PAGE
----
Ted Archer, JPMorgan Chase & Co., and Kim Zeuli, ICIC
In 2016, 12 of the nation’s most innovative incubators and accelerators were awarded funding from JPMorgan Chase’s Small Business Forward initiative to support their growth and the growth of the small businesses they support. In sectors ranging from food to clean energy to water technology, the grant recipients are moving the needle in terms of job and wealth creation in over 10 cities in 8 states.
Launched in 2014, Small Business Forward is a five-year initiative working to support small businesses with the potential to grow, offer quality employment, generate economic opportunity, and strengthen local economies. Earlier this year, JPMorgan Chase announced an expansion of the program, more than doubling the bank’s commitment to $75 million, focused on supporting women-, minority- and veteran-owned small businesses with access to capital, technical support and guidance.
ICIC is proud to serve as a partner of Small Business Forward, annually measuring and analyzing the performance and impact of a dynamic group of incubators and accelerators.
Small Businesses, Big Impact
New research from ICIC shows that small businesses rival, if not exceed, the impact of large businesses in terms of urban job creation, especially in the inner city. Incubators and accelerators play an important role in helping small businesses grow.
In 2015, Small Business Forward connected 990 small businesses with critical resources through nine incubators and accelerators. These small businesses raised $185 million in capital, generated $139 million in revenue, and received over 79 new patents. They employed 3,332 people (including 20 percent local hires), and paid over $78 million in wages.
In 2016, 12 grantee organizations supported nearly 1,400 businesses raising over $178 million in capital, generating $136 million in revenue, and receiving 241 new patents. The businesses employed over 3,200 people (including 27 percent local hires), and paid $142 million in wages.
Driving Cluster Growth
Small Business Forward has recognized the significant role that incubators and accelerators can play in fostering urban economic growth by supporting the growth of specific economic clusters, as illustrated by the following seven grantees.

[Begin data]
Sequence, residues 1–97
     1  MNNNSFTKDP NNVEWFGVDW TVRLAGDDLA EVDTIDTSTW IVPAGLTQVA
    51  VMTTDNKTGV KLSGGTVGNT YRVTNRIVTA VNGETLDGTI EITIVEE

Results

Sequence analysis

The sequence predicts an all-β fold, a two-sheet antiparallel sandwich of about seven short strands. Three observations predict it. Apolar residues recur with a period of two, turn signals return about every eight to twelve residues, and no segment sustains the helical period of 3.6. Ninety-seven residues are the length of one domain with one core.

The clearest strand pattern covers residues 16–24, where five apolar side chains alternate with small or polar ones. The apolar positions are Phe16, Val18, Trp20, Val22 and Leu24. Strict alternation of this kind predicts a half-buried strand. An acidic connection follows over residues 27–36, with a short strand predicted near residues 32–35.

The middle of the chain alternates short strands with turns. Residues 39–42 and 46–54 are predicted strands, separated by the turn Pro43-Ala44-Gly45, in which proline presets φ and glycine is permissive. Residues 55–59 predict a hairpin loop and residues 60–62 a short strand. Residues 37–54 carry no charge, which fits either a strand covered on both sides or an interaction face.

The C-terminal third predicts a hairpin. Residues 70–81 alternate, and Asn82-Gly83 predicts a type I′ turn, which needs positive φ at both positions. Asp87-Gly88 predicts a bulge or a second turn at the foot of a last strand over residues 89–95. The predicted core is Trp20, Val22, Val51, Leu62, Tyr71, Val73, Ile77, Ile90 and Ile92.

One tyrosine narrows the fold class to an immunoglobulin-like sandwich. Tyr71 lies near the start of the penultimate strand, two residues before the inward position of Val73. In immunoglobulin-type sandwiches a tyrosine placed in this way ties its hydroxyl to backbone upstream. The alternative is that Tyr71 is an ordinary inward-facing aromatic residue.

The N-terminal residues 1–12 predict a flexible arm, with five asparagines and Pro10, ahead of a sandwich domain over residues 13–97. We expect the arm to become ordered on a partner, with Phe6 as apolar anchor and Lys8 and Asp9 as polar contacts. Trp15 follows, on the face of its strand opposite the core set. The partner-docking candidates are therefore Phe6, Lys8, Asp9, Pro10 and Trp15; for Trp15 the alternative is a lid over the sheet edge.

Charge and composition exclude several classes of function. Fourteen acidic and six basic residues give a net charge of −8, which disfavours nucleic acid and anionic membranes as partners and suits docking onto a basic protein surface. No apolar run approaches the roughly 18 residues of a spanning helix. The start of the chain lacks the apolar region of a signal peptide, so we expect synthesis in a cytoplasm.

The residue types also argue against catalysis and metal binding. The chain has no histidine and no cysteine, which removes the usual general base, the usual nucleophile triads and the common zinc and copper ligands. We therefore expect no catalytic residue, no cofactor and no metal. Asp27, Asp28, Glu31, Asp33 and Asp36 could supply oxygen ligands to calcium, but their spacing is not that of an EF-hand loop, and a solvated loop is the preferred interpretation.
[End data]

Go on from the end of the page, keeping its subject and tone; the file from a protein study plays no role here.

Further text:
Detroit Kitchen Connect and ECDI are driving the growth of local food clusters, which can create high quality jobs for low- and moderate-income individuals. Detroit Kitchen Connect, an incubator that is part of Eastern Market Corporation in Detroit, provides food entrepreneurs with access to shared commercial kitchen space, resources for scaling production volumes, and education around food regulations and licensing. Through Eastern Market Corporation’s popular weekly food markets, businesses are connected to networks of customers and the regional food economy.
ECDI’s Food Fort incubator supports food entrepreneurs in Columbus, Ohio. The Food Fort operates commercial kitchen space and commissary space for mobile food vendors, and offers training on food business-related topics, procurement opportunities, and certification courses.
The New Orleans BioInnovation Center (NOBIC) provides resources to help entrepreneurs and university researchers commercialize technologies in the life sciences and biotech sectors. NOBIC served as a key partner for New Orleans’ five-year economic development strategy, and is a critical lever to support the growth of this cluster in the city. With the support of JPMorgan Chase and a federal i6 grant, NOBIC is currently expanding the scope of its economic development programming statewide to include job training and inclusive entrepreneurship programs.
In St. Louis, BioSTL is nurturing a strong bioscience cluster that builds on the first-rate research institutions working in medicine, bioenergy, and plant science in the city. Its BioGenerator entrepreneur support and venture development program connects early-stage business with lab space, equipment, advising, mentorship, and investment capital.
Founded in 2009, The Water Council is defining what it means to be a water cluster. It has created a globally-connected center of water technology businesses, supporting research, innovation, and business development through a variety of programming in Milwaukee—reinventing how the city is using its water knowledge and assets to create new economic growth.